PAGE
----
Answer the (bold) follow up question(s) about the attached essay. Answer does not need to be more than a couple of paragraphs.
I think â€œBillenniumâ€ is a classic example of extrapolation in SF. Extrapolation, if you recall, is about asking what will happen if this or that trend goes on unchecked into the future. In conceiving his story, Ballard has basically just taken the history of population growth and urbanization and asked, â€œIf this goes on, what will the world be like?â€ If the population continues to increase, he reasons, then there will be less and less land for people to live on, a process that will be accelerated because more and more land will need to be set aside to grow food for the increasing population. Then Ballard does the math, which leads directly to the world of ever-shrinking living spaces in â€œBillennium.â€
The thing about trends, however, is that they donâ€™t always continue unchecked. Often, a trend will continue only to the point where it starts to generate forces that begin to â€œcheckâ€ or oppose it. If population growth starts putting too much of a squeeze on living space, people will be more willing to devote more of their money to buying/renting bigger places; investors will see this as an opportunity and start building taller and taller apartment buildings; and thus the trend toward smaller living spaces will stall out. Or maybe, as land values rise, farmers will be incentivized to use more intensive farming methods that produce more food using less acreage, so that they can then make some extra money by selling off some of their land to real-estate developers. These things have a way of balancing out, especially when new technologies enable the development of things like super-high-rise buildings and ever-more-intensive agriculture. Whether there are any absolute limits on population growth seems to be an open question.
The Moon Is a Harsh Mistress, by contrast, does not strike me as based on the extrapolation or â€œif this goes onâ€ model. Rather it seems to me to be based on the idea that â€œhistory repeats itself.â€ If colonists settle on the moon, then maybe theyâ€™ll start to be treated by Earth the way the American colonists were treated by the British, and then thereâ€™ll be an independence movement and revolution. This is not about an ever-worsening trend, which basically presupposes an understanding of history as *linear* (continuing along the same line or trend), but about a *cyclical* understanding of history, a repeating pattern.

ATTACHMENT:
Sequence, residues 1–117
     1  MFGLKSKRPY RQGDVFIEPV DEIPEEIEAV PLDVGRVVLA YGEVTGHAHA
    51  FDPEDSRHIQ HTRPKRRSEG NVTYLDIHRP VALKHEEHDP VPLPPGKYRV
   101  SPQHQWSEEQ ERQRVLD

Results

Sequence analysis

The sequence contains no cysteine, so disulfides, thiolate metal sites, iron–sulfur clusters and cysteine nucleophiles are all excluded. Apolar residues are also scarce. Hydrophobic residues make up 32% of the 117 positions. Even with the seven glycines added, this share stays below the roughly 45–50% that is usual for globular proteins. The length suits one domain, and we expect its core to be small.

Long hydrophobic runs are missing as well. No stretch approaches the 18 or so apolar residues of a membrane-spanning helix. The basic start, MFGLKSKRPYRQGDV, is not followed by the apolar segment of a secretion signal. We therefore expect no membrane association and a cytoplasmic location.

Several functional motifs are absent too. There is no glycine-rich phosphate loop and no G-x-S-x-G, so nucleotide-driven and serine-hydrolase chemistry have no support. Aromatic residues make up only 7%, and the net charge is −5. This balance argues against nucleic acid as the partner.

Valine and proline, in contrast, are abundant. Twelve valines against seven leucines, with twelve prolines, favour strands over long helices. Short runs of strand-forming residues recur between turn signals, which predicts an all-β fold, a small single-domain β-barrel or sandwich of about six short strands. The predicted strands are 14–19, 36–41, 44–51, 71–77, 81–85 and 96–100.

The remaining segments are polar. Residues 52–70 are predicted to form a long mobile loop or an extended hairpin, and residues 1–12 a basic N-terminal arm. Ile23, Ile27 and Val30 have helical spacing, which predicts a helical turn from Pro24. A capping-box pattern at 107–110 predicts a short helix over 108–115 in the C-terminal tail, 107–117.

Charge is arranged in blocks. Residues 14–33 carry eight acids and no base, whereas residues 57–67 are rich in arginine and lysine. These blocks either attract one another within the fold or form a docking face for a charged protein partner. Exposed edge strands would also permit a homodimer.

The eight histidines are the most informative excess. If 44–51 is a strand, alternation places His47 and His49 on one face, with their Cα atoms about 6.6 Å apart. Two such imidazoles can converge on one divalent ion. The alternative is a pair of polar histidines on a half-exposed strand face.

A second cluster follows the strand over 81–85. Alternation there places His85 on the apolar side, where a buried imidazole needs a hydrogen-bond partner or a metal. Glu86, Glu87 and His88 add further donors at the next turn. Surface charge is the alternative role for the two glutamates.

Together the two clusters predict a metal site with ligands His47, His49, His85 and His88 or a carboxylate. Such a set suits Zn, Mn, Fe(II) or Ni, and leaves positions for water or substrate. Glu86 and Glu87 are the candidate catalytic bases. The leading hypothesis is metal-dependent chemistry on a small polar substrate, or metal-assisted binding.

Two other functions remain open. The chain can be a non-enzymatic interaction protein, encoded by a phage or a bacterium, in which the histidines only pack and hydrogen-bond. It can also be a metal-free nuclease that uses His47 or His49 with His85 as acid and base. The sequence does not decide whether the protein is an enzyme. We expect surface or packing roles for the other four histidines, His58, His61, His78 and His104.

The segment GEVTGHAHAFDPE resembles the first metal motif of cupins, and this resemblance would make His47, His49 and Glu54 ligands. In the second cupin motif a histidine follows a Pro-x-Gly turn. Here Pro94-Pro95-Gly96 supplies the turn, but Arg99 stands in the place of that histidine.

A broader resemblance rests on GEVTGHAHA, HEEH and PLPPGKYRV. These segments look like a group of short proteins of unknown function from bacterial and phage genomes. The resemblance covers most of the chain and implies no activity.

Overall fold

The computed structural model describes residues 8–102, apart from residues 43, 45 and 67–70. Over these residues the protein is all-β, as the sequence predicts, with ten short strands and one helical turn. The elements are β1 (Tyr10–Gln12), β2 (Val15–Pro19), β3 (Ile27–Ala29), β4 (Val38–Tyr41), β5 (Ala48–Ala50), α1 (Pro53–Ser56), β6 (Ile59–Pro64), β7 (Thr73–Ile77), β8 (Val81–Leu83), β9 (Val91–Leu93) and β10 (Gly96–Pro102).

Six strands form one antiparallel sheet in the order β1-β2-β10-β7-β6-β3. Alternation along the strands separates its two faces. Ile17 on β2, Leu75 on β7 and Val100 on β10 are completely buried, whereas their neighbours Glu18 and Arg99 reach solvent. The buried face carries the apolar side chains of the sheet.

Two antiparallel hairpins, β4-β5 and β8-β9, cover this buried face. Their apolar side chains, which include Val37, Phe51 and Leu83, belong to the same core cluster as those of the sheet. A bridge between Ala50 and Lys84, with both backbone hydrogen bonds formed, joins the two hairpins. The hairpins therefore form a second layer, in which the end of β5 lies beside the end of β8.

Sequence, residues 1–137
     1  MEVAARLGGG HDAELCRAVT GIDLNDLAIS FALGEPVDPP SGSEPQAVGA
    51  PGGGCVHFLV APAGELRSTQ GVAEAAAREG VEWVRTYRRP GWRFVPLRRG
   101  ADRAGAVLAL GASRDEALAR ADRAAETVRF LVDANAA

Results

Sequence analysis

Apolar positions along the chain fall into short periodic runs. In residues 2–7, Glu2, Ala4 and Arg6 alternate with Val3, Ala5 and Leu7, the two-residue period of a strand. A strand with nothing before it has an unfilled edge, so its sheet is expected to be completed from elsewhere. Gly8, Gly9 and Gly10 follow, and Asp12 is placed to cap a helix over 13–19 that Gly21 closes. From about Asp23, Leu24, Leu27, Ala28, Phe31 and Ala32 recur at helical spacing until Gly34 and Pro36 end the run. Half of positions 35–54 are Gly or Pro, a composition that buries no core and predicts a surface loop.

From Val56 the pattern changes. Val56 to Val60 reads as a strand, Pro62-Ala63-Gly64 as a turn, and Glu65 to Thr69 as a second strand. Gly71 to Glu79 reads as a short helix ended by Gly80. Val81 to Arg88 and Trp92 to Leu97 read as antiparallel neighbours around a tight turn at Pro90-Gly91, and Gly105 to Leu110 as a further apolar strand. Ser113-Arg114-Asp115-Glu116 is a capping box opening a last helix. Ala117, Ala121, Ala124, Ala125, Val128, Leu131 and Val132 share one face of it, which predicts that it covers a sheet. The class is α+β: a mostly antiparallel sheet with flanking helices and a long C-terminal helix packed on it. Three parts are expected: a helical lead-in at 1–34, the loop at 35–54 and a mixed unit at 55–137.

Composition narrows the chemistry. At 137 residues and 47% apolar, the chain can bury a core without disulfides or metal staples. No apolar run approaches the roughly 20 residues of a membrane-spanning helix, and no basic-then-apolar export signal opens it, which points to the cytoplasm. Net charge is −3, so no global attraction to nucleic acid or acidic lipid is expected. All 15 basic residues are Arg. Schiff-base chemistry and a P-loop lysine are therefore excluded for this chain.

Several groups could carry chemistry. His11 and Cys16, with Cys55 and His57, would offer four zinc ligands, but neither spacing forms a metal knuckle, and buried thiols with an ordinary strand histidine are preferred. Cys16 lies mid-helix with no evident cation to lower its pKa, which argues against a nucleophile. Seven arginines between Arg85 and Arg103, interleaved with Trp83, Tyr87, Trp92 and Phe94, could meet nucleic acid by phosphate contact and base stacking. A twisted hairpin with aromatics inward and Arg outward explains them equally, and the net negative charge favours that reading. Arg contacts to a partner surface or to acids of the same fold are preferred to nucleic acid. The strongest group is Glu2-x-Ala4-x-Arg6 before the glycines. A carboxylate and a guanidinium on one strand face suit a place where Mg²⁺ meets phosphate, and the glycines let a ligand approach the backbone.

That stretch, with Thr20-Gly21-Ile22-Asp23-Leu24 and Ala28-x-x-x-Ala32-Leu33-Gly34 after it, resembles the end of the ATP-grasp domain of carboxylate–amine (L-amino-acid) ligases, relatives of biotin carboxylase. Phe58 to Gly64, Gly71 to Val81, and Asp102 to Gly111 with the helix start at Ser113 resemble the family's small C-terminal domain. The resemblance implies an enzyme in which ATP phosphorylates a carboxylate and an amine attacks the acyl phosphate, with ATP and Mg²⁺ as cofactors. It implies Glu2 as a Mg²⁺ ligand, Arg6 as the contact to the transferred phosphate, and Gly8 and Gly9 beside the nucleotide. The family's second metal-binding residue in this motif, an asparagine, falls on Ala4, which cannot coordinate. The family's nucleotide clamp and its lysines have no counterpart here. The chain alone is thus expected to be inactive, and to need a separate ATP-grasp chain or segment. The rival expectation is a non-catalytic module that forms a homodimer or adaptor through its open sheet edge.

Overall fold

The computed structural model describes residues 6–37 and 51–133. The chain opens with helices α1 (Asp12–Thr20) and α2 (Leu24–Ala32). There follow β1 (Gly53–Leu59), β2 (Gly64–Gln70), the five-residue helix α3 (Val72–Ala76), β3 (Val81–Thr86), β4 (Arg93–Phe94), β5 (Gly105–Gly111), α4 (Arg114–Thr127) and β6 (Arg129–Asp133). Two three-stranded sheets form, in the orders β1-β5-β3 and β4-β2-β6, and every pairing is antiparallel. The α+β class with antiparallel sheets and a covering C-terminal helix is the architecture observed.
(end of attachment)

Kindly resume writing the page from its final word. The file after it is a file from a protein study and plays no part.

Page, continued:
For your followup question, let me ask you to think about this distinction between linear and cyclical views of history. Itâ€™s often said that the modern, western view of history is linear. Judaism, Christianity, and Islam are essentially linear; they hold that the world was created, and then history moves from one stage to another toward a predetermined end (apocalypse and redemption). Thereâ€™s also the secular western view of technological and political progress, in which, overall, things steadily get better: more freedom, better medicine, etc.
By contrast, many nonwestern cultures see history as cyclical. Instead of steadily getting better or worse, a cycle of basic stages repeats itself over and over through time.
FWIW, I think that basic human experience provides a basis for both views. Each of us is born, grows older, and eventually dies: this is linear. But this linear pattern of birth-growth-death is repeated over and over by each successive generation, which is cyclical. Even within our own lifetimes, we see the repeating cycle of winter-spring-summer-fall, which is the basis for other cyclical rhythms in our life:
â€” back to school, fall semester, winter break, spring semester, summer vacation
â€” football season, basketball season, baseball season
â€” Christmas, New Yearâ€™s Day, Easter, Memorial Day, Fourth of July, Labor Day, Thanksgiving
The key here is that (1) an individualâ€™s experience of life is both linear and cyclical, (2) a cultureâ€™s underlying sense of history can be either linear or cyclical (or some combination of both), and (3) these facts seem to be reflected in the plots of SF.
So, do you see cyclical and/or linear worldviews at work in any other Science Fiction works?
P.S. Thereâ€™s a political dimension to all this stuff. The cyclical view is in many ways compatible with political conservatism (in the broad sense of â€œconservatismâ€ as the view that we should â€œconserveâ€ the way things are rather than trying to radically change society). And the linear view is in many ways consistent with liberalism. Iâ€™ll leave it to you to think about why this is the case.